[86]  Note that when a syllable is added to a word ending in gh, the g is omitted.

[94]  Idn, to qualify a noun; omen, used by itself.  Thus, idn dên, one man; Ŏnen hag Ol, One and All.  Wǒnnen is an alternative form of the latter.

[96]  It has been held that this apparent singular, which is used after numerals in Welsh and Breton also, is really a genitive plural.  In the Gaelic languages, in which the case-inflections of nouns still exist, the genitive plural is usually (though not universally) the same as the nominative singular, except in Manx, where it is only distinguishable from the nominative plural by its article, but except in the cases of da, two, fichead, twenty, ceud, a hundred, and mile, a thousand, which precede nouns in the singular, the plural follows numerals in those languages.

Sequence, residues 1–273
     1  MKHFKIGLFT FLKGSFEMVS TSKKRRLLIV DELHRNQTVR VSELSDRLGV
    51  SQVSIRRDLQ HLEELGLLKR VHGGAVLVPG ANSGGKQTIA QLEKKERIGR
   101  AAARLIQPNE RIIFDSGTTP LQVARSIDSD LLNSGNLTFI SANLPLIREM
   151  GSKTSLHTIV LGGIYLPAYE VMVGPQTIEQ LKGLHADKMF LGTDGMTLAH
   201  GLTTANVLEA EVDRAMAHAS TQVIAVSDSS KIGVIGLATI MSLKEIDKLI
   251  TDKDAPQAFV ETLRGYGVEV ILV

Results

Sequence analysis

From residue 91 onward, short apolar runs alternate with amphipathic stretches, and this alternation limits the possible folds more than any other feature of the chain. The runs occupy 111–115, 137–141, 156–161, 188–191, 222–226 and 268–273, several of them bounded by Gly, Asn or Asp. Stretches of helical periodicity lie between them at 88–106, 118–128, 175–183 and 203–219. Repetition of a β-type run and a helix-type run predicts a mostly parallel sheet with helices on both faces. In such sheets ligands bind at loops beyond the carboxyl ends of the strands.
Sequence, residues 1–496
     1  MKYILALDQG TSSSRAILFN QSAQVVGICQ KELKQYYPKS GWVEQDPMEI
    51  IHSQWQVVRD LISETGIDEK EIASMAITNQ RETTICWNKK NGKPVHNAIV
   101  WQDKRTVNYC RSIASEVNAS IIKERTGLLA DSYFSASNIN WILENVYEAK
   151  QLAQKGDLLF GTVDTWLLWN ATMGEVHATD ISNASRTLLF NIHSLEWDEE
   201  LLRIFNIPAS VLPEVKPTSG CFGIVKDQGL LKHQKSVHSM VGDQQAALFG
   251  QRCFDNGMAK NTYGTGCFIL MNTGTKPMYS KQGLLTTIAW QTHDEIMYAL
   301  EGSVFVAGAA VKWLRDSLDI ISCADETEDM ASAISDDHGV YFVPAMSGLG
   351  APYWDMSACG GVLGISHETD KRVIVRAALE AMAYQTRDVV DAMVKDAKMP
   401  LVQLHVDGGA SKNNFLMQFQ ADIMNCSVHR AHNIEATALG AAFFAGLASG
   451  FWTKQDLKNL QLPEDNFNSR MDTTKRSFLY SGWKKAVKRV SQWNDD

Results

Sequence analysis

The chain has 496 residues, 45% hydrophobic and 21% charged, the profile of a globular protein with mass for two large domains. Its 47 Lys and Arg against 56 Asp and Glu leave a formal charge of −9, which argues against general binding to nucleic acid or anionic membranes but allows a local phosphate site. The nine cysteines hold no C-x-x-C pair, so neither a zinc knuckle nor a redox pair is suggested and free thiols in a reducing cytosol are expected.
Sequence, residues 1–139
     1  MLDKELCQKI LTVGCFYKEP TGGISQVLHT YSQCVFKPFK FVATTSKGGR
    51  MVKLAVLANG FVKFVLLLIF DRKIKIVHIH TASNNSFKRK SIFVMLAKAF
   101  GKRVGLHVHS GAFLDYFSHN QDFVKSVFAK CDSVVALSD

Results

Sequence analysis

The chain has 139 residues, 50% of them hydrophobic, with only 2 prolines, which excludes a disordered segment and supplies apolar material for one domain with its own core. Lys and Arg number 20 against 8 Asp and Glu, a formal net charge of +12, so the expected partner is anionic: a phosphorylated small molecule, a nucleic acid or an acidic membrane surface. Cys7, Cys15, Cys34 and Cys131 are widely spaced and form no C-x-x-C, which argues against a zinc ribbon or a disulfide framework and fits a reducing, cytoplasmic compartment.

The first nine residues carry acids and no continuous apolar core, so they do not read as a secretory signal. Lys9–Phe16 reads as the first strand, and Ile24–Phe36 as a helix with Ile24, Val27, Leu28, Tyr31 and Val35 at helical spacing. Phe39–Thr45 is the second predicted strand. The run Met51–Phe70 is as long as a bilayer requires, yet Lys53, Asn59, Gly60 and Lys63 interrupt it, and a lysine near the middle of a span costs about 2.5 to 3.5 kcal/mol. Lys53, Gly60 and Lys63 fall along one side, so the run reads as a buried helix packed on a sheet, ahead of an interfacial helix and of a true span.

[119]  There is, however, some blight confusion in late Cornish MSS. between this use of re, and the auxiliary form with wrîg.  The difference of sound in cases of verbs beginning with g or c would be very slight.

[133]  Spelling assimilated to that of this grammar.

[135]  It will not be necessary to add the pronouns to every tense.

[136]  The remarks on the use of the different forms of this tense apply mutatis mutandis to the other tenses.  See also Chapter XIV. § I.

[140]  See Chapter XIV.

[144]  Kegy, kehegy (in St. Meriasek), are ke, kehe, with jy or gy (=), the personal pronoun added.

[149]  Older yn.  When this is followed by a possessive pronoun of the first or second person the n is dropped, and the possessive pronoun takes the form which follows a preposition ending in a vowel, e’m, e’th.  When the definite article would follow the two coalesce and en=en an.